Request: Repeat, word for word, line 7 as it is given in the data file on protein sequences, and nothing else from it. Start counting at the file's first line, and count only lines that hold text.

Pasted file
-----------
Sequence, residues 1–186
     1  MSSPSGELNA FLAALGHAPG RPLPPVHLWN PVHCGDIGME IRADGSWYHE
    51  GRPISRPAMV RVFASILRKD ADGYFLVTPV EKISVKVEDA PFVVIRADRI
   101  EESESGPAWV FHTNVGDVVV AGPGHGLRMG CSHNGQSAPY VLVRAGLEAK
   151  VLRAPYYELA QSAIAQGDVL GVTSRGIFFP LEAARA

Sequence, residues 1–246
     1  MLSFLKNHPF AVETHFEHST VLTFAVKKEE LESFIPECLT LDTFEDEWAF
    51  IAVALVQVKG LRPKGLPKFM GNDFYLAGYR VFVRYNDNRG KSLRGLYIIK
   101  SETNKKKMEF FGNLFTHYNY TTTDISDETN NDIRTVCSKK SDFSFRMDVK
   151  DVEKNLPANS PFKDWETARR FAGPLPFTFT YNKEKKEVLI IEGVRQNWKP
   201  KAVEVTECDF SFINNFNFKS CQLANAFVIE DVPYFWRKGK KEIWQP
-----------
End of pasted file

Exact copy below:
     1  MLSFLKNHPF AVETHFEHST VLTFAVKKEE LESFIPECLT LDTFEDEWAF